Definitions

local-maximum

Maximum modulus principle

In mathematics, the maximum modulus principle in complex analysis states that if f is a holomorphic function, then the modulus |f| cannot exhibit a true local maximum that is properly within the domain of f.

In other words, either f is a constant function, or, for any point z0 inside the domain of f there exist other points arbitrarily close to z0 at which |f | takes larger values.

Formal statement

Let f be a function holomorphic on some connected open subset D of the complex plane C and taking complex values. If z0 is a point in D such that
|f(z_0)|ge |f(z)|
for all z in a neighborhood of z0, then the function f is constant on D.

Sketch of the proof

One uses the equality

log f(z) = log |f(z)| + i arg f(z)
for complex natural logarithms to deduce that log |f(z)| is a harmonic function. Since z0 is a local maximum for this function also, it follows from the maximum principle that |f(z)| is constant. Then, using the Cauchy-Riemann equations we show that f'(z)=0, and thus that f(z) is constant as well.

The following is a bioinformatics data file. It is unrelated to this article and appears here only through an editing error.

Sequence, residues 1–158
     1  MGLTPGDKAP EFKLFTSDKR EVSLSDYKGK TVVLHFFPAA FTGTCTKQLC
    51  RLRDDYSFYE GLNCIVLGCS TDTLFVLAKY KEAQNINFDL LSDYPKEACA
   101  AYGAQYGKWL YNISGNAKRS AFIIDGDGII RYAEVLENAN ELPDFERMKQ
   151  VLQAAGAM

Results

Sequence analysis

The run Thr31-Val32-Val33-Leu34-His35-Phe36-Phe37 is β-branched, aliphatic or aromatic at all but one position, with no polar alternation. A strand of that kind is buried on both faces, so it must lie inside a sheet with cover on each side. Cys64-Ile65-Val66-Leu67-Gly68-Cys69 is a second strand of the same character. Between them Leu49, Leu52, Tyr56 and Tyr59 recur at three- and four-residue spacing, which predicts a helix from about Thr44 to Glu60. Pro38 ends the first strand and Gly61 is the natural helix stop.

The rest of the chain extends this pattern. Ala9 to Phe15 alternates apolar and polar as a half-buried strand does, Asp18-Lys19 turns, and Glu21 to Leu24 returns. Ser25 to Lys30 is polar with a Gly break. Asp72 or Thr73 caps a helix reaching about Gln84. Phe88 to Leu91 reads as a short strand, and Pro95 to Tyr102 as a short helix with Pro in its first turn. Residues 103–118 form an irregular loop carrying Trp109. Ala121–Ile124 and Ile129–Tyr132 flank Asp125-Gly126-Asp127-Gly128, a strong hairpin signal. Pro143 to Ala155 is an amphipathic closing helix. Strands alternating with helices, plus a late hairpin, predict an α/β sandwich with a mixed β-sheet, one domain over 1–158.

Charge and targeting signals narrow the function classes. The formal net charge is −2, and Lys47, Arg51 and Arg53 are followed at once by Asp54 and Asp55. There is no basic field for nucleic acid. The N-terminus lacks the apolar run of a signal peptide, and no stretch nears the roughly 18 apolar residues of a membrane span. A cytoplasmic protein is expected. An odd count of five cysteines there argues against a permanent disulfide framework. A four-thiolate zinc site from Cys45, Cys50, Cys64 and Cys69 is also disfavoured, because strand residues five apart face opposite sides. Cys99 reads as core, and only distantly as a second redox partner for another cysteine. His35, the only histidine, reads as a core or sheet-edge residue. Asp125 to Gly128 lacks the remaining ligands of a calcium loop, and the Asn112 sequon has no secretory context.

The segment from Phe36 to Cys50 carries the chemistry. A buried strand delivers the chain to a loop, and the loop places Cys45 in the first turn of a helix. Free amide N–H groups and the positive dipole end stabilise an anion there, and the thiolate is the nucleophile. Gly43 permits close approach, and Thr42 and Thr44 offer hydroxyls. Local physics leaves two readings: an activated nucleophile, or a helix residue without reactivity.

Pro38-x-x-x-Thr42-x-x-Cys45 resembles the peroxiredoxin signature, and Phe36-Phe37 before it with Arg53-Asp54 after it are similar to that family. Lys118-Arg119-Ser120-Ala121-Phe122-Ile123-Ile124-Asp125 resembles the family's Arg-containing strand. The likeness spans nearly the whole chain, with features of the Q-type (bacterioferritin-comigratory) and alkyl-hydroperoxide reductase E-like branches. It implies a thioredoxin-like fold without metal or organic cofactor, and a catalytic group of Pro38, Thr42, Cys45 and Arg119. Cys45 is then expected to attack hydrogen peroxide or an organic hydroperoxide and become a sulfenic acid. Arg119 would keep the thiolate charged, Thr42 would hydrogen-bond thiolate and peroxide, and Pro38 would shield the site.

By switching to the reciprocal, we can get the minimum modulus principle. It states that if f is holomorphic within a bounded domain D, continuous up to the boundary of D, and non-zero at all points, then the modulus |f (z)| takes its minimum value on the boundary of D.

Alternatively, the maximum modulus principle can be viewed as a special case of the open mapping theorem, which states that a holomorphic function maps open sets to open sets. If |f| attains a local maximum at a, then clearly the direct image of sufficiently small open neighborhoods of a cannot be open. Therefore, f is constant.

Applications

The maximum modulus principle has many uses in complex analysis, and may be used to prove the following:

References

  • E.C. Titchmarsh, The Theory of Functions (2nd Ed) (1939) Oxford University Press. (See chapter 5.)

External links

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